Why the dead bodies of some children we are outraged by and others we are not.
Drowned 3-year-old Syrian boy Aylan Kurdi’s washed-up body is a grain of sand in the sea of horrors Western government policies inflict on the world’s most vulnerable children.
By E.F Nicholson
The photo of the corpse of the three-year-old Syrian refugee Aylan Kurdi’s lifeless body on the beach like a discarded piece of driftwood has (rightfully so) shocked the world. A picture really does say a thousands words, and much has been written about the refugee crisis both in the Middle East and Africa, yet when we see the shocking reality of the consequences, the desperation in the image of this poor boy is truly harrowing.
What’s most disgraceful is how the media’s reporting of the death of Aylan was completely detached from the reality of our government’s responsibility in creating this tragedy and its own ongoing support that allows this to happen. The Guardian’s editorial urges compassion, a sentiment absent from its pages when it came to invading Iraq, Libya and the bombing of Gaza. We can’t separate our illegal invasion of Iraq and Afghanistan from the devastating insatiability in the region. We cannot separate our neo-colonial polices in Africa, keeping the continent poor by design, set up with corrupt tyrants ensuring our unhindered access to the richness of the continent, from the torrent of desperate migrants trying to escape its consequences.
The lifeless body of this boy has created an outcry, and understandably so, yet how many other children are dead as a direct or indirect outcome of our government’s polices? We only need to look at Israel’s most recent assault on Gaza, with the Orwellian title “Operation Protective Edge” to get some idea of how many dead children’s blood we have on our hands. 490 children in total murdered, cut to pieces, eviscerated and decapitated, all brutally and violently put to death for the sole reason of being born on the wrong side of a wall at the wrong time. What would have been the public’s reaction if images of these slaughtered children appeared of the front cover of every national tabloid? Outrage, commendation and immediate pressure on our government to stop supporting Israel’s murderous policies? There are some absolutely heart-wrenching and deeply distressing images of children in Gaza, either severely maimed or murdered. One in particular that just etched in my brain is a father carrying what looks like his 5-year-old daughter with both her legs blown off. The looks of pain, panic and anguish on both their faces is unforgettable; it’s humanity at its worst. Predictably so, that image never made it onto the front page of any UK newspaper, or any page at all.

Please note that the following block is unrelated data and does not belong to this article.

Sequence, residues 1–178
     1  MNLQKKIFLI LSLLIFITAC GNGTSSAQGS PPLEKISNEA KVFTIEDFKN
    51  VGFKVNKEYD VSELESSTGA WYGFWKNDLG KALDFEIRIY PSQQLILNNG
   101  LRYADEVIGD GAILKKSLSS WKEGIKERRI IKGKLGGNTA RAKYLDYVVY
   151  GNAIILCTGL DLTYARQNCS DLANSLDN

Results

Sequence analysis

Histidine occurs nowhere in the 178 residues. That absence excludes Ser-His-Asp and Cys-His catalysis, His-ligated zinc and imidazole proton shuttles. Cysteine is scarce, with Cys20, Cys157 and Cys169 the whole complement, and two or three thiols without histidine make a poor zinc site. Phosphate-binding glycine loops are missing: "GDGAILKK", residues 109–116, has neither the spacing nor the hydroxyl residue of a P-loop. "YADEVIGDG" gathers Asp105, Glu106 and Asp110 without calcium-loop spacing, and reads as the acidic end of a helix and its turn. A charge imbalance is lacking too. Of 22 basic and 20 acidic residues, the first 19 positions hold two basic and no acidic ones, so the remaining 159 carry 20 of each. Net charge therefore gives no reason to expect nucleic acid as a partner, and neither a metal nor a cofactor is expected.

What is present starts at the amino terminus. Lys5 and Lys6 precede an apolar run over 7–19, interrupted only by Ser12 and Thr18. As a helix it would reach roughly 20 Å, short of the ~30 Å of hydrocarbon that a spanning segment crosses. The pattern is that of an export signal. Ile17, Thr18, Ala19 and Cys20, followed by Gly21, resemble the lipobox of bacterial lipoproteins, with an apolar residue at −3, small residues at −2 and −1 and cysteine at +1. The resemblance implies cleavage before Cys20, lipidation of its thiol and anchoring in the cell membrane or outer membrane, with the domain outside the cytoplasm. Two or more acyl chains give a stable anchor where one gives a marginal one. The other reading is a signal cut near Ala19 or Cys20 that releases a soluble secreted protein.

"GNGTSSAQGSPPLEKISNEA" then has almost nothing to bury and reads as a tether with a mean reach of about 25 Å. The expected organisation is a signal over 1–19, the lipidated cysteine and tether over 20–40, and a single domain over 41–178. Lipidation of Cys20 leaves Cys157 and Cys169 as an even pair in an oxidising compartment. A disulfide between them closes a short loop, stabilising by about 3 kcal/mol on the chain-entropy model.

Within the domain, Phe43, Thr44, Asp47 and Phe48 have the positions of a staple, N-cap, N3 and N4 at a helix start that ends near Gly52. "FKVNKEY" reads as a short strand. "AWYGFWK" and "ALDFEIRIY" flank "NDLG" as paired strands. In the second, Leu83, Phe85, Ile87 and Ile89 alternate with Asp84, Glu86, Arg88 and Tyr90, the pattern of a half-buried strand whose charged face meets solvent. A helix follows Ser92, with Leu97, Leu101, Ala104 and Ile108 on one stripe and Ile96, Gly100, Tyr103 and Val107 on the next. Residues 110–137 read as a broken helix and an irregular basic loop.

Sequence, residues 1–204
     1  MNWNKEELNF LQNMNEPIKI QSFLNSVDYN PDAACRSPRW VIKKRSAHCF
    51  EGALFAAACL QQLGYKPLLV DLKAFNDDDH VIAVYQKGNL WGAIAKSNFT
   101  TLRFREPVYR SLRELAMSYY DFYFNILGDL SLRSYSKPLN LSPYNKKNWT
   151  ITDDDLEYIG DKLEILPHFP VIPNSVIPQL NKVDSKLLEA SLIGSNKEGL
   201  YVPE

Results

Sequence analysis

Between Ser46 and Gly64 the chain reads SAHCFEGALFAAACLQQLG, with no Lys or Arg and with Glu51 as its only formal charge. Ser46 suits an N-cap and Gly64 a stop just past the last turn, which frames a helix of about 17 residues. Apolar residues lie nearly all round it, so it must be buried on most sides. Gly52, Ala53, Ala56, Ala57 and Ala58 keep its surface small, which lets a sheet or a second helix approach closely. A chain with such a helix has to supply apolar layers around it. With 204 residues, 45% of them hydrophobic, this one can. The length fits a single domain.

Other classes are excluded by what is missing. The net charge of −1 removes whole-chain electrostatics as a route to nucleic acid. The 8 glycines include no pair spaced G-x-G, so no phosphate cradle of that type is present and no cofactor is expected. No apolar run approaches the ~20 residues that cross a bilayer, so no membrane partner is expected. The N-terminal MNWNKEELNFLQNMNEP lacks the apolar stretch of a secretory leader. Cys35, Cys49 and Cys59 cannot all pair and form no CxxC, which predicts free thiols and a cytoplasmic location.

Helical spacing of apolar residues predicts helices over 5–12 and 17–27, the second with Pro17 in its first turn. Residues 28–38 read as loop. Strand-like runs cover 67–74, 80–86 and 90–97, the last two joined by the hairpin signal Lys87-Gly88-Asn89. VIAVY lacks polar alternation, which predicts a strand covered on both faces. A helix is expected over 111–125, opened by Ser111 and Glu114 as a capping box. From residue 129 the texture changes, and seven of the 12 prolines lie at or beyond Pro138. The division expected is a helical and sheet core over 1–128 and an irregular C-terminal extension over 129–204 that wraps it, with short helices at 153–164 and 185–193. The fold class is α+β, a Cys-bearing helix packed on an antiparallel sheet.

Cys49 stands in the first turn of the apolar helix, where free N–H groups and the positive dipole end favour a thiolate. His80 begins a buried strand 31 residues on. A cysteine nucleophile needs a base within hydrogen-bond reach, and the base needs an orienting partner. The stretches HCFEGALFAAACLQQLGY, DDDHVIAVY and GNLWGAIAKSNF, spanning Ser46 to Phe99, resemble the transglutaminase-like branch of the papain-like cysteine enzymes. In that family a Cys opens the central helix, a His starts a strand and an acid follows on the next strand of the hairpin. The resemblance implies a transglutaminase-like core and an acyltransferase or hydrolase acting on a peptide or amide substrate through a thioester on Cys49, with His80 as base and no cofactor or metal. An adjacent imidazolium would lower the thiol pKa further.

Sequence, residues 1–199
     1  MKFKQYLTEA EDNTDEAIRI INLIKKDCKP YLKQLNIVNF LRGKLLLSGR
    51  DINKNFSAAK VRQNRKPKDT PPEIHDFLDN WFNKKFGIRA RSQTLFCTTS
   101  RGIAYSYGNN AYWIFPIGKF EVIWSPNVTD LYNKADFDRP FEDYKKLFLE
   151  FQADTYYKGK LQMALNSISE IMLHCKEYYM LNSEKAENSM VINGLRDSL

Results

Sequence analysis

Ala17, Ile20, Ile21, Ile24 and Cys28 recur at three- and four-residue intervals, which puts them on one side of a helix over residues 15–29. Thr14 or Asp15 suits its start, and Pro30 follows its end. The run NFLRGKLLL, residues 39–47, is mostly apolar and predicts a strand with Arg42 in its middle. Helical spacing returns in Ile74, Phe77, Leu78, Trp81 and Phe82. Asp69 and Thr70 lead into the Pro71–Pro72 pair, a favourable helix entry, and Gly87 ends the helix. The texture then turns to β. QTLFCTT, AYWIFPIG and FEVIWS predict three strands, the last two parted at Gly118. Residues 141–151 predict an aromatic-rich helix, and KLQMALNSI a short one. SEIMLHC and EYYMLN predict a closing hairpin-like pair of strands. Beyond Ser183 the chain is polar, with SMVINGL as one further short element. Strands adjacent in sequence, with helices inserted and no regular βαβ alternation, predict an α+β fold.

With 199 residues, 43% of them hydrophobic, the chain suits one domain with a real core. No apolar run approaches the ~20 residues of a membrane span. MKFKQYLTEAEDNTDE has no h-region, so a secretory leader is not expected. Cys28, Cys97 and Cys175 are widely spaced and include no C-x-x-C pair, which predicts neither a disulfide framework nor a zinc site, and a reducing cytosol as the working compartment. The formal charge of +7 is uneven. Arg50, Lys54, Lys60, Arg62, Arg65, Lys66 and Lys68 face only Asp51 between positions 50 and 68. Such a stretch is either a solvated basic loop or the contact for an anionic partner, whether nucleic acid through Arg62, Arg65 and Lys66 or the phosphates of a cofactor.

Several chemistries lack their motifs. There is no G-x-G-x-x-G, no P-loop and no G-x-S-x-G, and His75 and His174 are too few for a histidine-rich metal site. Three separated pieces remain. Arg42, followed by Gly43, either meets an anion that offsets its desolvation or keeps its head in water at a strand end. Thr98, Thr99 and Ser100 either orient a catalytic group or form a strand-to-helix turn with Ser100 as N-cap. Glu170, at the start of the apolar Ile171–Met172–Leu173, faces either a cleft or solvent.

Yet the media allows this image of Aylan’s death to be circulated, talked about, discussed and debated, as it’s not against the agenda of the establishment it truly speaks on behalf of, not because they actually care. They are happy to frame it as a horrible consequence of Assad’s despotic rule, yet where are the pictures of the 300,000 children murdered in our occupation of Iraq and Afghanistan? Or the 500,000 who died as a direct result of the West’s sanction on Iraq during the 90s? What does an image of 800,000 dead children even look like? Each dead child could be on the front page of every newspaper for the next 2191 years. Chris Floyd sums it up well
“…Line up the bodies of the children, the thousands of children — the infants, the toddlers, the schoolkids — whose bodies were torn to pieces, burned alive or riddled with bullets during the American invasion and occupation of Iraq. Line them up in the desert sand, walk past them, mile after mile, all those twisted corpses, those scraps of torn flesh and seeping viscera, those blank faces, those staring eyes fixed forever on nothingness. This is the reality of what happened in Iraq; there is no other reality….” Chris Floyd, December 17, 2011
So it’s hard not to be cynical about these things as you see the public’s outrage being tweaked and manipulated in the wrong direction, never really being directed at the true perpetrators of the most hideous crimes: our own government and the media themselves. Having the power to provoke public opinion in the direction it chooses makes our mainstream media both complicit and responsible for the death and destruction our government has instigated over the previous decades.
What the picture of the Aylan’s washed-up corpse tells us, without any dilution, is this is what the ugliness and tragedy of war looks like. This image is a tiny fragment of the devastation we wreak throughout the world, year after year, and how our spineless and corrupt media allows that to happen.